This paper describes a utility demand-side management (DSM) strategy, built on intensive campaigns with limited geographical coverage, rather than conventional DSM programmes with broad coverage but modest impact. Recent analytic advances in accurately determining utilities' area-specific costs have important implications for DSM design. Unlike the system-level utility costs, which are most sensitive to costs of generation and bulk transmission costs, area-specific costs depend most on distribution and local transmission costs. For utilities with relatively slow total load growth, the latter costs can represent a large share of their current investment needs. If utilities know what their area-specific costs are, they will know where and when their costs are significantly higher than the system average. The timing is important, because costs must be forward looking: once costs are sunk, the opportunities to reduce or defer them are lost. Thus, high-cost areas move around in space and time. Higher costs mean higher avoided costs for DSM, allowing more expensive measures and therefore larger energy and demand savings to be cost-effective. These high-cost areas justify intensive DSM investments - 'blitz' programmes to capture a large energy-saving fraction - in certain places at certain times. With area-specific cost information available, an improved DSM strategy can exploit these opportunities fully where and when they occur, rather than doing broadbased programmes that achieve small savings and low participation rates. After doing a 'blitz' in one target area, one can identify different areas to 'blitz' later. This DSM strategy gives large savings per customer and large participation rates in the target areas, and thus large total savings in that area. This strategy is also shown to be more promising than the conventional approach for maintaining incentives for DSM under utility deregulation. © 1996.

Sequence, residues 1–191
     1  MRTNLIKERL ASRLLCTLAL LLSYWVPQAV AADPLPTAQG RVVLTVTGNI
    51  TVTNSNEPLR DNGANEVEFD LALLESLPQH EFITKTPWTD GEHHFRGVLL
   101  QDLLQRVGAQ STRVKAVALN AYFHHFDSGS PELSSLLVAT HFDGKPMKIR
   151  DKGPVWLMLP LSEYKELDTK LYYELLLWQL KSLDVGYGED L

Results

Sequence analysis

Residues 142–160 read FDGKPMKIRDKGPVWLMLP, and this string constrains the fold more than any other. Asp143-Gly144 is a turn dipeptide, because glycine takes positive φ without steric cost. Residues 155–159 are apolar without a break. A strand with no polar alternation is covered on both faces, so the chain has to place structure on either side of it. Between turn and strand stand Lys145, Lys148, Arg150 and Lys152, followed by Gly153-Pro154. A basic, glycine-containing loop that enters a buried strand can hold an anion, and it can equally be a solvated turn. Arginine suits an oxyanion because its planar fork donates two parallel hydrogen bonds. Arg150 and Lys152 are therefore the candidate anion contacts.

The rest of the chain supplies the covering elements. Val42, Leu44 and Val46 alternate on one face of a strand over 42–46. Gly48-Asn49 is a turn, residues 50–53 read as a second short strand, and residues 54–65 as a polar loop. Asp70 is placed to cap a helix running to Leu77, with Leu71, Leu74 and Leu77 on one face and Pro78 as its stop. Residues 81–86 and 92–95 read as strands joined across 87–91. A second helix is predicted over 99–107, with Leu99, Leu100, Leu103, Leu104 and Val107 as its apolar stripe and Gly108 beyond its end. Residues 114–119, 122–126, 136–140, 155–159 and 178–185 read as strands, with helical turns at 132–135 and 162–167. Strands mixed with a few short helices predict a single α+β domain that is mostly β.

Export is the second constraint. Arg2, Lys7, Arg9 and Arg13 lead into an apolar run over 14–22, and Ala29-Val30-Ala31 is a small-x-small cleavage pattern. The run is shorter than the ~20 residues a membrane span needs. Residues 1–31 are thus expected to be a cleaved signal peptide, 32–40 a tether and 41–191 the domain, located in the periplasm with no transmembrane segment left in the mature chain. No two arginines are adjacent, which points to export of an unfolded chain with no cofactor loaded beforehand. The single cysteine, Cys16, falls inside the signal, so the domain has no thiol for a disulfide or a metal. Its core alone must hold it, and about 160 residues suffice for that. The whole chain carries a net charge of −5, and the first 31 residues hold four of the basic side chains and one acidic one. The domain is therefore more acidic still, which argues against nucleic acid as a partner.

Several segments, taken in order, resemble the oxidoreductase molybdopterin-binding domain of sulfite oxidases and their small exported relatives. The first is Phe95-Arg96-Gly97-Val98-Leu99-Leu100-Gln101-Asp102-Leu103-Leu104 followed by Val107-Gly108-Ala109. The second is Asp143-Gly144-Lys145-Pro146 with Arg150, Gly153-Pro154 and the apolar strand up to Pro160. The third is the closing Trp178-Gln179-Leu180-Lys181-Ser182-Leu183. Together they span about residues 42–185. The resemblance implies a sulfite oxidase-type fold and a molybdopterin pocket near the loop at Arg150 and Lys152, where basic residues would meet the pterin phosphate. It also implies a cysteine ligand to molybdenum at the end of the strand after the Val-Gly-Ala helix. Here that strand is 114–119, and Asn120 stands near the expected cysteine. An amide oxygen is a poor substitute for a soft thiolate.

Swisher, J., & Orans, R. (1995). The use of area-specific utility costs to target intensive DSM campaigns. Utilities Policy, 5(3–4), 185–197. https://doi.org/10.1016/0957-1787(96)82791-3